You deserve congratulations if you’re writing the content for your own business or professional website. It can be a daunting task, and—at least at the outset—there is a lot of anxiety in working outside your usual field. But maintaining a regular schedule of publishing informative, useful material for potential customers remains one of the best ways to attract and convert new clients. Kudos to you!
By all means, make the time to re-read what you have written before it’s published online. You may find an inelegant phrase, or a place where adding a few words can add enormous clarity. But our experience suggests that you should not be the sole editor or proofreader for your own writing.
It’s important to bear in mind that proofreading is not a quest for perfection. There are many pathways a writer can take to get to a desired destination, and editing does not select the “best” route. Instead, the revision process is designed to catch errors in grammar, spelling, usage, and diction before the work is published for its intended audience.
And, since we’re on the topic, the quest for writing perfection is an impossible goal anyway. People make mistakes. Those mistakes range from simple typing errors to habitual misuse of certain words. Your proofreader is there to catch these mistakes and patch them up before your work goes live.
There’s One Thing You Always Write Wrong. This Is Mine.
Even people with extraordinary talent for writing prose may have a handful of problem areas. Perhaps you find it difficult to remember when to use a semicolon, or you may forget when to use a dash rather than a hyphen, or you may be stumped whenever you need to choose between “effect” and “affect.”
My big problem has always been dealing with the words lay, lie, laid, and lain. I’m clear on lie when it means to tell a falsehood, but when the discussion turns to setting objects on surfaces or reclining one’s body on a sofa, I throw my hands in the air. I flip between reference book pages for a good ten minutes before I write down the word I think is right, but I’m never really confident in my choice.
So that’s the first reason why I need an editor to review my work (and you do, too): Chances are, you too have a persistent mental block when it comes to using some words or punctuation. Your proofreader is your reassurance that a silly mistake won’t be released to the disdain of the general public. Because of that mental block, you can’t be trusted to proofread your own writing, any more than I can effectively proofread my own work.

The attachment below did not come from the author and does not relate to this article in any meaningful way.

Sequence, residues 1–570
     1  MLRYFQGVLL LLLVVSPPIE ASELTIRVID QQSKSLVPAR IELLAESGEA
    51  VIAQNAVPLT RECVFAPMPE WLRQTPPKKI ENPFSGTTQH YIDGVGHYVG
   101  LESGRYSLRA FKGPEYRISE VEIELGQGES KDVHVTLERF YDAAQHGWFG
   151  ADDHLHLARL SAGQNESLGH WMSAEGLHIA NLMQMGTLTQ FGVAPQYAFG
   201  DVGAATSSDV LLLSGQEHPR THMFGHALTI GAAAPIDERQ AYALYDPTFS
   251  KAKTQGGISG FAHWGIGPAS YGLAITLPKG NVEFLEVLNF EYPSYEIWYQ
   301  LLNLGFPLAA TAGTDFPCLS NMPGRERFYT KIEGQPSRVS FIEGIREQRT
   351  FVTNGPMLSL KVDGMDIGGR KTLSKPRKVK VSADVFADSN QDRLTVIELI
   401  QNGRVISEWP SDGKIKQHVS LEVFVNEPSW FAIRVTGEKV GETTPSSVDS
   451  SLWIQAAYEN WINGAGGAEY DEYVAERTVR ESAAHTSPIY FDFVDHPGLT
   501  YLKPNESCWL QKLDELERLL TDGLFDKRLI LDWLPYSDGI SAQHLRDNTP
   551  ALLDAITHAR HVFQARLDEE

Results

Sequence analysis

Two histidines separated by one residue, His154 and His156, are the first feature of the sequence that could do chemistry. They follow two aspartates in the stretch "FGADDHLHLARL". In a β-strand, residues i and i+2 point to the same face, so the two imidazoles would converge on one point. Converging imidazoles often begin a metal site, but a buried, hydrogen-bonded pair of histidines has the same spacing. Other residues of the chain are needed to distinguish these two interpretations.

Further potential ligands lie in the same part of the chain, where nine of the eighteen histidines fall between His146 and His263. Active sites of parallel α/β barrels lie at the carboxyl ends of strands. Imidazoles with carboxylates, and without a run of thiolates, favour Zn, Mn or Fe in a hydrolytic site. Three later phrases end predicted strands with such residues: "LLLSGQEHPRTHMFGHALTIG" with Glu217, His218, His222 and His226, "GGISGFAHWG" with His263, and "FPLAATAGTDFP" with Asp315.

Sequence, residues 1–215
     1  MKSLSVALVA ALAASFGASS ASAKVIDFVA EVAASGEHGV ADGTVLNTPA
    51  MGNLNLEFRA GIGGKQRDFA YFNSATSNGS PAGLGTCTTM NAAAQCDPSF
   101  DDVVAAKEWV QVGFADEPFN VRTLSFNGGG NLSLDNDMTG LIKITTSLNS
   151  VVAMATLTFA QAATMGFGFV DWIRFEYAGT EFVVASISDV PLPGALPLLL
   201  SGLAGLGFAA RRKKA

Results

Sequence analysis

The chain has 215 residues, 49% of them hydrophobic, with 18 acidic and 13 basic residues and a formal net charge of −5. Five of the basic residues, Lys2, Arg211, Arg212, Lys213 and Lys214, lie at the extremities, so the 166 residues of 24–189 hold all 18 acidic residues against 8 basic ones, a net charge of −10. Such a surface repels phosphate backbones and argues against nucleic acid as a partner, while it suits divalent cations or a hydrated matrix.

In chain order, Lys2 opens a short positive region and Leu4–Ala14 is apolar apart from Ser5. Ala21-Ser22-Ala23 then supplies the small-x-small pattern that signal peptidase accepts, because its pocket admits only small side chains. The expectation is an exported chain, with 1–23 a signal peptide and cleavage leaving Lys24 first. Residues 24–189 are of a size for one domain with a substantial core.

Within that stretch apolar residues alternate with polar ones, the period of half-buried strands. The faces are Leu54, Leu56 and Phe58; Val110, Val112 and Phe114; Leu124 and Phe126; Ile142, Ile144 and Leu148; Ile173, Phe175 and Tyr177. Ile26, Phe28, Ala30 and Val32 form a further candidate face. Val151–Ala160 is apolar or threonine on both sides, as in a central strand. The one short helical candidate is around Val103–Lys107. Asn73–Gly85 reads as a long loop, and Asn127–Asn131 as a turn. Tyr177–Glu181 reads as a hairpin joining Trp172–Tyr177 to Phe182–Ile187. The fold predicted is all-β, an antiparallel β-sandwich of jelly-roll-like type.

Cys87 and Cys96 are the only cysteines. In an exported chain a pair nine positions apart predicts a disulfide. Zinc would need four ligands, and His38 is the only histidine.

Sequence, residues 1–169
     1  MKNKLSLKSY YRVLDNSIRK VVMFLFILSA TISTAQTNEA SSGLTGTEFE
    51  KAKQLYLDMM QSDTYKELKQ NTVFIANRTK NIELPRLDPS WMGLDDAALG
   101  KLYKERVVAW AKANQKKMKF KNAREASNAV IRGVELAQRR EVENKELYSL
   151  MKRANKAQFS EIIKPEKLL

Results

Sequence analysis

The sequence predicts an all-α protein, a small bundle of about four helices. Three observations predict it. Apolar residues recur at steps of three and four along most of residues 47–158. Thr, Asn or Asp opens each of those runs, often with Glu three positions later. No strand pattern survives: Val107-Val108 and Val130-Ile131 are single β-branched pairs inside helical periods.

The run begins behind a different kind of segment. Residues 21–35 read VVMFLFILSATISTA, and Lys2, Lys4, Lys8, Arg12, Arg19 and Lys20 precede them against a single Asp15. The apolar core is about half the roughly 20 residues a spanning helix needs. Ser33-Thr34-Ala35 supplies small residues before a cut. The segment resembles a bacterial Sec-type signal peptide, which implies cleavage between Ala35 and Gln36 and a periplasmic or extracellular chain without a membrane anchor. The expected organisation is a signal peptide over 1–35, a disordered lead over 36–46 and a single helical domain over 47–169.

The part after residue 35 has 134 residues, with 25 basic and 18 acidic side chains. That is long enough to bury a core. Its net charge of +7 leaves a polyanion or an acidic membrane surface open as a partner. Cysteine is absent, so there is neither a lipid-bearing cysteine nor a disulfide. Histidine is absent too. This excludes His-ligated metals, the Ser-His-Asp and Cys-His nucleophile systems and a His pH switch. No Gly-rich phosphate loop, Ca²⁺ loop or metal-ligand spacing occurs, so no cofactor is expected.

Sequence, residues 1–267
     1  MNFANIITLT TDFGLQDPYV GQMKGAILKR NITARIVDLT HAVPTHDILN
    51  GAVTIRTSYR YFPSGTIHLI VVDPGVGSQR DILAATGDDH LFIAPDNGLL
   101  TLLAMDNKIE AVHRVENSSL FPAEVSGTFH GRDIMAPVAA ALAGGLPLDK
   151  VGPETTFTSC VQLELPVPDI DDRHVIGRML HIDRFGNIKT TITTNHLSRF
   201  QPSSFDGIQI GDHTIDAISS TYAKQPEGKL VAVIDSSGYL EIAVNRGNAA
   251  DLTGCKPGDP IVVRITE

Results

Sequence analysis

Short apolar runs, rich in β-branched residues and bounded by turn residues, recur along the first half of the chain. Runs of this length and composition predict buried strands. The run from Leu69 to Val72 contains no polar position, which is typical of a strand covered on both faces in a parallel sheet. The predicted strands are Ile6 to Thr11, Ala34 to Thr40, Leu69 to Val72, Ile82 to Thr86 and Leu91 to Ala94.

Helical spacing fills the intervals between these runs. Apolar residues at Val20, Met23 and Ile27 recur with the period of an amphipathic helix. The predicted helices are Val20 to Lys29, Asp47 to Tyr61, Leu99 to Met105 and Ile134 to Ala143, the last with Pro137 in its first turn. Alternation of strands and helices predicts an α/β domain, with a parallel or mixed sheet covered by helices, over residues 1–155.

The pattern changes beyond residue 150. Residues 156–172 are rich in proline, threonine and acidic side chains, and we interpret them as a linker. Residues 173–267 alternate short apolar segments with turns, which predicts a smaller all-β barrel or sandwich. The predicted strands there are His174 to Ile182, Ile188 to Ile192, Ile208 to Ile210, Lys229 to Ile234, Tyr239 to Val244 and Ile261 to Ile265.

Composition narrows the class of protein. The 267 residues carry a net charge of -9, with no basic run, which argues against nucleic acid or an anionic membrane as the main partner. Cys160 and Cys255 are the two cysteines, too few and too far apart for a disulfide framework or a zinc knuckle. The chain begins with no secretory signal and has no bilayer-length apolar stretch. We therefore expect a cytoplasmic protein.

Your Errors Are Invisible (But Only to You)
Another reason why an independent proofreader is vital is that you cannot be trusted to spot your own mistakes on the screen or the printed page. You know too well what you intended to write, and your eyes will just skip past that point where you typed it’s instead of its. A proofreader doesn’t bring any preconceptions to the document, so he can spot those errors readily.
Spell Check and Grammar Check? Don’t Make Me Laugh.
Software has become amazingly sophisticated in my lifetime. Nevertheless, computer software doesn’t compare to an intelligent mind in correcting spelling, grammar, and usage mistakes. Spell checking programs don’t really understand language, so they can’t catch many word substitutions—podcast instead of podiatrist, for instance—that might show up in your text. Grammar checking software doesn’t appreciate the meaning of the words it scans, so it ends up reporting trivial errors such as split infinitives rather than conceptual mistakes. At least for the current decade, proofreading demands the concentrated attention of another human being.
Getting the Editorial Help You Need
One of the great benefits of Foster Web Marketing’s content management system, Dynamic Self-Syndication, is that it gives you complete control over your professional website. You can extend your online presence at any time, to whatever breadth you desire. At the same time, you assume the risk that a particularly egregious error in grammar or usage will undercut your influence or perceived authority.
But the more you write, the more you need the services of a proofreader. Where do you find one?
Potential proofreaders are everywhere. If you are sharing writing duties with someone else in your office, for instance, exchanging the work between you for editing is obvious. If no coworker is available, you may want to contact the modern languages or English literature departments of your nearby community college to see if instructors can recommend a talented student who might be interested in part-time proofreading work. Local employment centers and online job-search services can also be helpful in locating freelance editors and writers.
Here at Foster Web Marketing, we’re excited to respond to your questions about website content development and production. For specific guidance for your professional marketing, call us today or fill out the convenient contact form on this page.